Investigating children’s health sounds very benign. Moreover, the results may seem applicable to raising your own children. There is a catch though: how do we experiment with healthy children without running the risk of harming them? In this blog you’ll discover why ethics makes it important to pay close attention to the wording in advices on children’s health. Warning: this blog is a bit longer than usual.
The golden standard in scientific research
When we want to know whether physical activity affects health, we are interested in a causal relation between activity and health. Experimental research provides the strongest evidence for a causal relation and is considered the ‘golden standard.’
Experimental research follows the same procedure you would when testing whether a cake tastes better with more vanilla. You’d bake two cakes: one with more vanilla than the other such that you can taste the difference. The essence of experimental research is that the scientist manipulates the variable that is supposed to cause an effect – the independent variable – and measures the effect on a dependent variable.
The golden standard may be too risky
Because the scientist manipulates his research subjects, for instance exposing them to physical activity or withholding it, all experimental research involves a risk of affecting the subjects negatively. Whether we consider this risk acceptable depends on a balance between risks and benefits.
When studying health, the risks are automatically big. Moreover, when studying healthy children, possible benefits for the participants are low. They are healthy already and have little to gain. There are two ways around this problem: research without manipulation and experimental research on sick children who have more to gain.
Solution 1: Epidemiological research
Epidemiological research does not involve manipulation, which minimises risks for participants. This type of research is about big data: collecting many data from many subjects for a long time. For instance, if we’d want to know whether physical activity improves children’s health, we’d follow many children for a long time and measure their physical activity and health. If children who are more active are healthier than this is a sign that physical activity is healthy.
The sign is pretty uncertain though until we have checked whether the conclusion wasn’t messed up by what we call a confounding variable. When ice cream sales rise, the number of children drowning also rises. Off course this wasn’t due to the ice cream but to the confounding variable of summertime swimming.
Statistical methods capture confounding variables quite well. Therefore many additional things are measured during a study: socio-economic status, education, etc. However, if a variable hasn’t been tested or accounted for, it can mess up conclusions unnoticed.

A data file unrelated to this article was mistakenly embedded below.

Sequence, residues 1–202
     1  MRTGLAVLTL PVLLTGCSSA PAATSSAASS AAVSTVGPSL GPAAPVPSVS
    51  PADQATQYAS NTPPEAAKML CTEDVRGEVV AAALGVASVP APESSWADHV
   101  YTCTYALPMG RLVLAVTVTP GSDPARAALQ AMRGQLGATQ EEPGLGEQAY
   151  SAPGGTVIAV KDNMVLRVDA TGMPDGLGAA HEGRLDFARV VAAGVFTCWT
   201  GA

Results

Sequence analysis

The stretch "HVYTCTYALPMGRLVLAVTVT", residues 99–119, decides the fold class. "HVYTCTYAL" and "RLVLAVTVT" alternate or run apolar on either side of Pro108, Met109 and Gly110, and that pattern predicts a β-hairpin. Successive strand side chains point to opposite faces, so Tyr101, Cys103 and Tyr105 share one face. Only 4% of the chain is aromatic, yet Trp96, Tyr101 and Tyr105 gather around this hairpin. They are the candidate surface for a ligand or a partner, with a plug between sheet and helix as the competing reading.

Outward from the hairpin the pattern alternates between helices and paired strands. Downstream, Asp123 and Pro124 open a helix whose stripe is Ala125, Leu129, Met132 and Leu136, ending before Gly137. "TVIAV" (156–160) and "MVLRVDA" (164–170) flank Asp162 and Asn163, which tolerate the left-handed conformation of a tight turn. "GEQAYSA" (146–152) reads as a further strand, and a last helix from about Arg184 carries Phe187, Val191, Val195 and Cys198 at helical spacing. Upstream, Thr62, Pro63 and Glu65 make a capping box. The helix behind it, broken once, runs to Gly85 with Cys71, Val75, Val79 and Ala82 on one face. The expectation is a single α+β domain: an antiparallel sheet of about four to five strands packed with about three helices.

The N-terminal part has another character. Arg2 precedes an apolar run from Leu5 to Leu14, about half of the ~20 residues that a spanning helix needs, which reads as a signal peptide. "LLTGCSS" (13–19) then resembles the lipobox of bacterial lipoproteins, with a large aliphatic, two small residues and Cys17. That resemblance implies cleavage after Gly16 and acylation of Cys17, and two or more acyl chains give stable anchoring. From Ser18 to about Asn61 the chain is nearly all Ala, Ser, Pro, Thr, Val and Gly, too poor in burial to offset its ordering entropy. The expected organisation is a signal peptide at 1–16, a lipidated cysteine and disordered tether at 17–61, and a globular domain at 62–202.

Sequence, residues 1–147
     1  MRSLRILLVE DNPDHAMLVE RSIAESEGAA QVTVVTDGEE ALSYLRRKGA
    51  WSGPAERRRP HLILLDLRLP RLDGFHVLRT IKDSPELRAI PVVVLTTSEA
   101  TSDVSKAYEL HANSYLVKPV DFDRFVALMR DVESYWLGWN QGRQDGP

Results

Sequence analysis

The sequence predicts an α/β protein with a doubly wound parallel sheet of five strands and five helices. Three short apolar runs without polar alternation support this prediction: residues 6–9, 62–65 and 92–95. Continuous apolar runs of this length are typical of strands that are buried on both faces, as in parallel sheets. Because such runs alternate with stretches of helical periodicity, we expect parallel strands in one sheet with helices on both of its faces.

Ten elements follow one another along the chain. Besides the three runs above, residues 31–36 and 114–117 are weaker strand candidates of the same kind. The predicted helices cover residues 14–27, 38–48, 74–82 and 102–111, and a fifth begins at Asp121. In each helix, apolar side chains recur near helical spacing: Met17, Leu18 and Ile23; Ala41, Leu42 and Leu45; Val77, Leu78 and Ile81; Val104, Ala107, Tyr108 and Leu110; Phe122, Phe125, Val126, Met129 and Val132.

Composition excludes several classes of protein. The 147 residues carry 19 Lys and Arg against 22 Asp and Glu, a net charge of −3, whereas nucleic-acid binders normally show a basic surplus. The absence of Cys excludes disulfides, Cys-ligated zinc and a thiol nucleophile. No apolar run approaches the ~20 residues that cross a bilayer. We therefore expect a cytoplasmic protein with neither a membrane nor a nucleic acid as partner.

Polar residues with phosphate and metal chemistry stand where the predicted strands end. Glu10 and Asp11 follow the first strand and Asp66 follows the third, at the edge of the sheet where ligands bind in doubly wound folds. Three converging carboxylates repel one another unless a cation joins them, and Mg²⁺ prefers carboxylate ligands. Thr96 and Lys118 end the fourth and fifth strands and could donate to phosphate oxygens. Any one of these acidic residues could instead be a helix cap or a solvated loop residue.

So the benefits of epidemiological research are that it is safe and that participants can be studied over a long time. The downside is that it doesn’t provide rock solid information about cause and effect.
Solution 2: Experimental research on sick children
When we want to know whether something can make sick children better, we accept greater risks because there is more to win. Moreover, sick children are probably easier to convince to participate in a research program than healthy children who have no reason to change what they are doing. Therefore a lot of research on the health benefits of physical activity has been done with children suffering from lifestyle-related diseases such as obesity.
This type of research does provide evidence on a causal relation between physical activity and health. However, the hard evidence is limited to the group studied: obese children for instance.
The wording in health advices reflects the evidence
In my previous blog, I wrote about the health effects of physical activity. Most of the research was based on epidemiological research or on research with children suffering from health problems such as obesity. I try to convey this in my wording: “activity is associated with health” for results based on epidemiological research and “physical activity reduces high cholesterol” for research on sick children. Most journalists also do this.
When reading about science, and thinking of how to apply the science in daily life, it is important to pay attention to these subtleties. If something reduces high cholesterol, it does not necessarily mean that it prevents high cholesterol. If activity is associated with health, physical activity increases the odds of being healthy but doesn’t provide a certain route to health.
Did you like reading about research methods? Also check my blog on fundamental versus applied research.